Wednesday, November 12, 2008

The 19th Wife by David Ebershoff (with author guest post and giveaway)

Anyone attempting to write about the history of the Church of Jesus Christ of Latter-Day Saints, even a sliver of it, will immediately encounter the difficult task of accuracy. That is because on nearly every issue in the Church's past, and in regard to every person who has played a part in the Church's often remarkable life, there are at least two, and typically more, combative opinions on what each side sincerely calls 'the truth.' In the preface to his 1925 biography of Brigham Young, M.R. Werner states the case plainly: 'Mormon and anti-Mormon literature is frequently unreliable.' (from The 19th Wife, Author's Notes and Acknowledgments, page 509)

In The 19th Wife, David Ebershoff fictionalizes the story of Ann Eliza Young, the 19th wife of Brigham Young, an early prophet of the Latter-Day Saints. He tells Ann Eliza's story and that of her family through her memoir; the memoir of her father, Chauncey Webb; a deposition from her brother, Gilbert Webb; letters from her son, Lorenzo Dee; and even a diary entry written by Brigham Young when he was imprisoned for a night due to his unwillingness to pay Ann Eliza alimony after being ordered by the court to do so. These "documents" read as though they really were penned in the late 1800s.

Ann Eliza's story begins with her parents becoming Mormons and the numerous journeys made by the early Saints until they eventually settle in Utah. Ebershoff presents Joseph Smith's dilemma after receiving the revelation about celestial marriage, also known as plural marriage or polygamy. The book shows the tough choice Ann Eliza's parents were forced to make, and her mother ultimately agrees that her husband will take another wife to ensure they will go to heaven. Ann Eliza's memoir focuses on the hardships polygamy placed upon her mother, and Chauncey's memoir shows that polygamy wasn't easy for him either (though he went on to take a total of five wives). Ann Eliza eventually marries Brigham Young and learns the harshness of polygamy herself, ultimately prompting her to leave the Mormon community, engage in a very public divorce, and travel the country speaking out against plural marriage.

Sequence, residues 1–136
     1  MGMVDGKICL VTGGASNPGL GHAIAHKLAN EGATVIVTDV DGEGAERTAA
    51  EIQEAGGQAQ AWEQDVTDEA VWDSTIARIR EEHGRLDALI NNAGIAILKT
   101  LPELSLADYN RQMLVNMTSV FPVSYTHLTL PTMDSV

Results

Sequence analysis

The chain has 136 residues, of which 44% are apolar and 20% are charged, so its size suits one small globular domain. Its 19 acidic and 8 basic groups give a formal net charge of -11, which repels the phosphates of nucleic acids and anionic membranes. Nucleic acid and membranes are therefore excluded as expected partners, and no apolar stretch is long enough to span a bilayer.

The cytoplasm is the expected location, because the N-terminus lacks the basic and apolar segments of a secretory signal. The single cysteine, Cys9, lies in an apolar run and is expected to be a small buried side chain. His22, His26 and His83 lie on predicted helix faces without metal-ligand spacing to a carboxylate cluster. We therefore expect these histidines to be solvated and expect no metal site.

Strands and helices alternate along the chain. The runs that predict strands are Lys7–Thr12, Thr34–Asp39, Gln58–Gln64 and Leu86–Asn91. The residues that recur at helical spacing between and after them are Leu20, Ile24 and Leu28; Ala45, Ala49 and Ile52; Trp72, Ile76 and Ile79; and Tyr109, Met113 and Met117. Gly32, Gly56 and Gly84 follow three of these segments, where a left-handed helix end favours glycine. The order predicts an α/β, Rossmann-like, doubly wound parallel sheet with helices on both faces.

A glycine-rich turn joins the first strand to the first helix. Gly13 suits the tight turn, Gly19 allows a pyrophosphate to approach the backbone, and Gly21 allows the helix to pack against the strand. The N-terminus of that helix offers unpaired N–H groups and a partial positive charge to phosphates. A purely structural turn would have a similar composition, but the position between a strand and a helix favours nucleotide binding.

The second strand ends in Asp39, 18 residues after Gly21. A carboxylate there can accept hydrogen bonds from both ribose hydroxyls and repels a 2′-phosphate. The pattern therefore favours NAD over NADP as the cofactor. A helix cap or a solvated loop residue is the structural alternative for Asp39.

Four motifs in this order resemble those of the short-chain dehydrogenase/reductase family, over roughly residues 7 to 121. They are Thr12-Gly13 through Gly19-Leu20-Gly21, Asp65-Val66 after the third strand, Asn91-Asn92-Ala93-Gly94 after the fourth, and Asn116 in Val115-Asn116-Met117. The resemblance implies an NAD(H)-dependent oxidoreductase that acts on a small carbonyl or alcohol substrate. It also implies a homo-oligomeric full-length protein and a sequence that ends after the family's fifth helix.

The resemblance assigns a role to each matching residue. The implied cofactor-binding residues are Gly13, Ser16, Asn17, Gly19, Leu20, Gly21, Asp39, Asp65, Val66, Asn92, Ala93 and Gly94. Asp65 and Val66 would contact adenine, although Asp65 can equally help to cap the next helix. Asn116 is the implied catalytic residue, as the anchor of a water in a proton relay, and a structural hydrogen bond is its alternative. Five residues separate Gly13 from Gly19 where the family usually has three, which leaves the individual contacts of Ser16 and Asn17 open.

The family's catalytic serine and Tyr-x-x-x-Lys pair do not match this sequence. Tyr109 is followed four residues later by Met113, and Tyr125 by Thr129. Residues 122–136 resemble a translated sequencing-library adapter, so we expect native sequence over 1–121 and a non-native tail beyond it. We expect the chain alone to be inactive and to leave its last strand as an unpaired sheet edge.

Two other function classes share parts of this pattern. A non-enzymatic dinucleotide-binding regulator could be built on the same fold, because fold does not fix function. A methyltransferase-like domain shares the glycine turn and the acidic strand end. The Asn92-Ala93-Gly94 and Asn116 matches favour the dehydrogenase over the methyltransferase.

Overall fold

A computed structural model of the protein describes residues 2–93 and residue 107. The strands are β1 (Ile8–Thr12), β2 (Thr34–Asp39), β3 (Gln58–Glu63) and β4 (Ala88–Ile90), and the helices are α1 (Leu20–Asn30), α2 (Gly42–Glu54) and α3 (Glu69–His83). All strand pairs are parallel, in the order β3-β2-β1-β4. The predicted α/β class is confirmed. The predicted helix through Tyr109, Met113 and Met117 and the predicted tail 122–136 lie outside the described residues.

Woven in with Ann Eliza's story is the story of Jordan Scott, a young gay man excommunicated from the Firsts community in Mesadale, a sect that refused to abide by the 1890 decision made by the leadership of the Mormons to end the practice of polygamy. The Firsts' men have dozens of wives and hundreds of children, the women wear prairie dresses and never cut their hair, and the Prophet is said to run off the community's young men so that he will have the youngest, prettiest girls to himself. These people are told by the Prophet how to cheat the welfare system, and they believe whatever they are told; Jordan grew up believing France was wiped off the map during a war and only learned the truth after meeting a Frenchman in Las Vegas. Jordan returns to Mesadale after his mother, a 19th wife, is accused of shooting and killing her husband, and Jordan is determined to uncover the truth about his father's murder.

Ebershoff did a great job creating believable, sympathetic characters, and I was pulled in immediately by Jordan's story. Ann Eliza's story is a little slower paced, mainly due to the fact that it is told through various historical "documents," and though I found it interesting, I couldn't wait to get back to Jordan, probably because his narrative was so honest, so full of pain and confusion that I just felt for him right away.